Proof of Reserve

How Can Organizations Prove They Have the Crypto They Claim to Have?

The CryptoCurrency Security Standard (CCSS) is a free and open set of industry guidelines and best practices for securing cryptocurrency and related systems. The CCSS recommends that organizations implement a variety of security controls to protect their cryptocurrency holdings, such as creating cryptographic keys and seeds on a system with sufficient entropy, using secure communication channels, and conducting regular security audits. However, these security controls only take us so far and proof that the assets an organization claims to hold remains vital. This is why systems that control assets must prove that they are solvent in order to be CCSS certified.

What is Proof of Reserve (PoR)?

Proof of Reserve (PoR) is a method that an organization can use to prove that it has the funds or assets that it claims to have. PoR is important in the context of cryptocurrency exchanges and other organizations that hold cryptocurrency on behalf of customers. In these cases, PoR can help to provide assurance to customers that their cryptocurrency is safe and that the organization has the assets it claims to have.

There have been instances where exchanges or other organizations have failed to maintain sufficient reserves of cryptocurrency, leading to financial losses for customers. A recent example of this is the FTX meltdown, wherein more than $8 billion dollars worth of customer funds have been lost, and FTX could owe money to more than one million people and businesses. FTX lent its affiliate, Alameda Research, billions of dollars which led to FTX’s customers being unable to access their assets. The bottom line is that real people with bills, mortgages, and families, who thought their assets were being safely held, have been deeply impacted by the loss of their funds.

Why do we need CryptoCurrency Security Standard’s PoR Control?

The CCSS PoR control means that the organization holding customer funds either publishes enough information to prove, for example, 1:1 bitcoin backing, or one can view on the blockchain itself to see if they are operating a fully solvent system or an insolvent system.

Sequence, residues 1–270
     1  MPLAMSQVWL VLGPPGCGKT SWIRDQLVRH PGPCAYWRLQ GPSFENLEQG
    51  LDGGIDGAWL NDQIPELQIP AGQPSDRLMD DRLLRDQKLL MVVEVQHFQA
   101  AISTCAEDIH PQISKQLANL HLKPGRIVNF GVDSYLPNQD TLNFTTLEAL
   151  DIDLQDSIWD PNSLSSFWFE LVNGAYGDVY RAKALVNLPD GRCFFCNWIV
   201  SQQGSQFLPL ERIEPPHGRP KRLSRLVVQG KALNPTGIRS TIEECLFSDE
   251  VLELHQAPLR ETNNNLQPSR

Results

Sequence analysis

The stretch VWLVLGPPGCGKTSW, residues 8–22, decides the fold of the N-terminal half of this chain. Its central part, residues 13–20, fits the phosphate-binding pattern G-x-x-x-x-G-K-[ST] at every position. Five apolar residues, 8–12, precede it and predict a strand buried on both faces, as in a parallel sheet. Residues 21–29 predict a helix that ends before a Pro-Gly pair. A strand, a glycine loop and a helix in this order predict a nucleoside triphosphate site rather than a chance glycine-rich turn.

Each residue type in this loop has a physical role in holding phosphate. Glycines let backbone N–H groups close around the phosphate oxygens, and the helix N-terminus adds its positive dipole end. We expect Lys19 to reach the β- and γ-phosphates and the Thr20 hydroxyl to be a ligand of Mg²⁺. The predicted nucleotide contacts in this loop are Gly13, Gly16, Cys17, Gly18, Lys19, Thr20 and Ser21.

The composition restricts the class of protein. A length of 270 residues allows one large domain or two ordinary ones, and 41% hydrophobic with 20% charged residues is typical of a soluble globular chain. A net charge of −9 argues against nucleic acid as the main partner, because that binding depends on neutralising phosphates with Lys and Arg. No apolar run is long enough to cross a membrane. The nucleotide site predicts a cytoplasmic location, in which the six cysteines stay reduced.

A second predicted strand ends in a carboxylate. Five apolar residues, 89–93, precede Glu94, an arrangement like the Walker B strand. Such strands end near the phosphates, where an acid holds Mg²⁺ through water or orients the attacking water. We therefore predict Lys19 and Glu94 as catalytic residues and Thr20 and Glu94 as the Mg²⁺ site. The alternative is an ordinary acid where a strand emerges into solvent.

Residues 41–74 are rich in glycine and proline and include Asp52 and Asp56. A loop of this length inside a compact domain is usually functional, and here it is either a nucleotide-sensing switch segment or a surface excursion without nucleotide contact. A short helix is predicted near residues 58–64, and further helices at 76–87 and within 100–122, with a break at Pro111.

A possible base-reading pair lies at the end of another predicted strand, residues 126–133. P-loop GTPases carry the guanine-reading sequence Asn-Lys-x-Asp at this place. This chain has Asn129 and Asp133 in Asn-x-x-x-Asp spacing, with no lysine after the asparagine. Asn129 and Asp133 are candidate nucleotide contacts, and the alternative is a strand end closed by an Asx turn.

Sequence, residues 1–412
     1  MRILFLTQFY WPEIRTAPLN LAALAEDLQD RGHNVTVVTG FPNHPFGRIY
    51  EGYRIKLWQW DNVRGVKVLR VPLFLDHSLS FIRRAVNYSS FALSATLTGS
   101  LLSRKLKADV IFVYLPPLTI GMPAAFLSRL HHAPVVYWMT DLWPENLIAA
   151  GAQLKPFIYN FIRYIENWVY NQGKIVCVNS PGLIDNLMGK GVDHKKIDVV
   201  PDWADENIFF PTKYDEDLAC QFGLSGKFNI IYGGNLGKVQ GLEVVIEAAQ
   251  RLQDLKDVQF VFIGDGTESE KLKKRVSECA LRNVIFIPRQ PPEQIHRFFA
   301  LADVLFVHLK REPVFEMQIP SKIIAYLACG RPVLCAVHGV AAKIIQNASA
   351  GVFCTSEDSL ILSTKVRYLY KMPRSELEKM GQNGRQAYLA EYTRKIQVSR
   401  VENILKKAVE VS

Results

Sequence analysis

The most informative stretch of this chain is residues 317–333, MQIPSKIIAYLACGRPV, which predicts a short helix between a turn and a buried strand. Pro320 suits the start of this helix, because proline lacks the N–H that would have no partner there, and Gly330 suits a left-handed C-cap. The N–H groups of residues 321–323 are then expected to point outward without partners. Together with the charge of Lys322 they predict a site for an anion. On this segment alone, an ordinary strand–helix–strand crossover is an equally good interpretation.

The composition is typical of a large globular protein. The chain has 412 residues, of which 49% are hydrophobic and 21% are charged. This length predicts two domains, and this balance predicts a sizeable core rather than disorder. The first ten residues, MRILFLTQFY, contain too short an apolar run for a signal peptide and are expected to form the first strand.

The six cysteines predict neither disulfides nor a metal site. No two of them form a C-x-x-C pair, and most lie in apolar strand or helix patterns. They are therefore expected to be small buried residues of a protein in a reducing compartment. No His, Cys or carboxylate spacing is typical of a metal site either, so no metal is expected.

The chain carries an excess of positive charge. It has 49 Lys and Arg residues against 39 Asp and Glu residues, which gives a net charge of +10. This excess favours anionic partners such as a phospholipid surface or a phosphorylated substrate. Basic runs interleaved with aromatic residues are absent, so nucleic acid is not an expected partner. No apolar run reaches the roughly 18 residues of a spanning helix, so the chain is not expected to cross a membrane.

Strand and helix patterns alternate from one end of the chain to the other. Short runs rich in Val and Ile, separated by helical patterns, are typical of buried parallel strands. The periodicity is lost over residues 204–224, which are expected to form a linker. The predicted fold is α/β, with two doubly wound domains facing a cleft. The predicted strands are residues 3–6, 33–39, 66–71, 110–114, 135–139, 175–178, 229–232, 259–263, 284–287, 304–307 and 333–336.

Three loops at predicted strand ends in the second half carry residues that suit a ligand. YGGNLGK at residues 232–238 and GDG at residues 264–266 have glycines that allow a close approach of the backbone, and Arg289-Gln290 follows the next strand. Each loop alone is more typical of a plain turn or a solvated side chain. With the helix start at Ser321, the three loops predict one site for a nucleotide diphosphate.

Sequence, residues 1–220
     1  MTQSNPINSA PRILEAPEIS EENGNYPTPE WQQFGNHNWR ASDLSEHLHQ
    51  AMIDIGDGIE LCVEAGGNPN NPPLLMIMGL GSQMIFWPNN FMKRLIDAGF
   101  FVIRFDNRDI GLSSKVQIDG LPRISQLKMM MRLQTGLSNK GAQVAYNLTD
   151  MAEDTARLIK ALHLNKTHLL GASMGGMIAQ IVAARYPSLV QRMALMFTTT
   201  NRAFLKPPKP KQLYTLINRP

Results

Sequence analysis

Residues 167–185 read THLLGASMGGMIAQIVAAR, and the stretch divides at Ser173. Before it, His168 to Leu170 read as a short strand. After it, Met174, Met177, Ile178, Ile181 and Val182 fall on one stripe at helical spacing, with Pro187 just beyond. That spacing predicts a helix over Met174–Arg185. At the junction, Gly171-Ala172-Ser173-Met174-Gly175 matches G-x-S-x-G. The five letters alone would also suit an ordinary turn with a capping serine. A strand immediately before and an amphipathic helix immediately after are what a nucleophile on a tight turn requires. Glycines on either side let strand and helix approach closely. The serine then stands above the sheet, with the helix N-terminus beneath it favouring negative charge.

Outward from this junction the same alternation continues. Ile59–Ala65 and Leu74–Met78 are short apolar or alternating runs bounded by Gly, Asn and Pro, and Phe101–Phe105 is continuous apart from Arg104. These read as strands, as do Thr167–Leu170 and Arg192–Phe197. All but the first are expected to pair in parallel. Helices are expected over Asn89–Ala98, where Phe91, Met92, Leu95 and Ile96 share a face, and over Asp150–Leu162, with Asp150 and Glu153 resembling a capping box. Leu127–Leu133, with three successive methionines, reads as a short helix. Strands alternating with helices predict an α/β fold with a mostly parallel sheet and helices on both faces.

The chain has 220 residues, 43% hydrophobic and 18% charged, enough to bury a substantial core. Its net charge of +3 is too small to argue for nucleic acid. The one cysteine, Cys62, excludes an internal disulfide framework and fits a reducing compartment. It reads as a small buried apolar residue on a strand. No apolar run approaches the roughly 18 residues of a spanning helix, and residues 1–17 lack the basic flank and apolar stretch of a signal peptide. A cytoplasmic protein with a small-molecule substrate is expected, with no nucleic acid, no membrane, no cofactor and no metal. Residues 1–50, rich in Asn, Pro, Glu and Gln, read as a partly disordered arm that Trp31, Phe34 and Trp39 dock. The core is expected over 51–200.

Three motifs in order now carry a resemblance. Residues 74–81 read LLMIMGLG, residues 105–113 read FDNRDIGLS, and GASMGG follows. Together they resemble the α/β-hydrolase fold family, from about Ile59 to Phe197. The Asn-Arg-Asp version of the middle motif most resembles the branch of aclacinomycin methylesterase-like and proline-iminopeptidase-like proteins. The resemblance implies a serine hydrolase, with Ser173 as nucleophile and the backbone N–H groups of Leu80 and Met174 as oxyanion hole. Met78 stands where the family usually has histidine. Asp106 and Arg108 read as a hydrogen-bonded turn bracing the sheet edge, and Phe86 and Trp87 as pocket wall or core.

The CCSS and PoR can provide assurance that customer deposits are safe and that the institution has the funds available to meet its obligations. This can be especially important in cases where an institution is not federally insured, there is concern about the financial stability of the institution, or customers are requesting proof of assets.

CCSS audits are conducted by an external third-party auditor and a peer reviewer. As with all standards, no controls are perfect silver bullets. But it is better to have something than nothing. The CCSS certification requires a PoR audit, completed and published online, that proves full control of all funds held by the information system. The PoR audit must be signed by an independent party that attests to the accuracy of the audit at the time it was performed. Therefore if FTX had undergone a CCSS audit the lack of funds would have been identified and customers would have known by the lack of certification that something was amiss. If we as an industry demand that we won’t use custodians that aren’t CCSS certified, then people will be able to make more educated decisions and lower the risk of losing their assets.

As of the date of this publication, the only system that has completed a CCSS audit and been certified by C4 is Fireblocks Limited, however there are additional systems being audited. You can keep an eye on the growing list of security conscious CCSS certified organizations on our website.

PoR helps to build trust and confidence in financial institutions and other organizations, and it helps to ensure the stability and integrity of the financial system as a whole. Knowing that a standard, created by cybersecurity and cryptocurrency experts, exists and is open to use, we must ask ourselves: why might custodians holding others’ money NOT want to prove solvency? If the reserves are as promised, why would a company not want to provide that assurance to customers?

You can find more information about PoR in this blog post written by CCSS Auditor Marc Krisjanous.


The information presented in this article is for educational and informational purposes only. It does not constitute financial advice, investment recommendations, or any form of endorsement. 

The views and opinions expressed by individuals in this article are solely those of the speakers and do not necessarily represent those of C4 or any other organizations with which they are affiliated.

The mention or inclusion of any individuals, companies, or specific cryptocurrency projects in this video should not be considered as an endorsement or promotion.

Regulations and legal frameworks around cryptocurrencies may vary in different jurisdictions. It is your responsibility to comply with the applicable laws and regulations of your country or region. 

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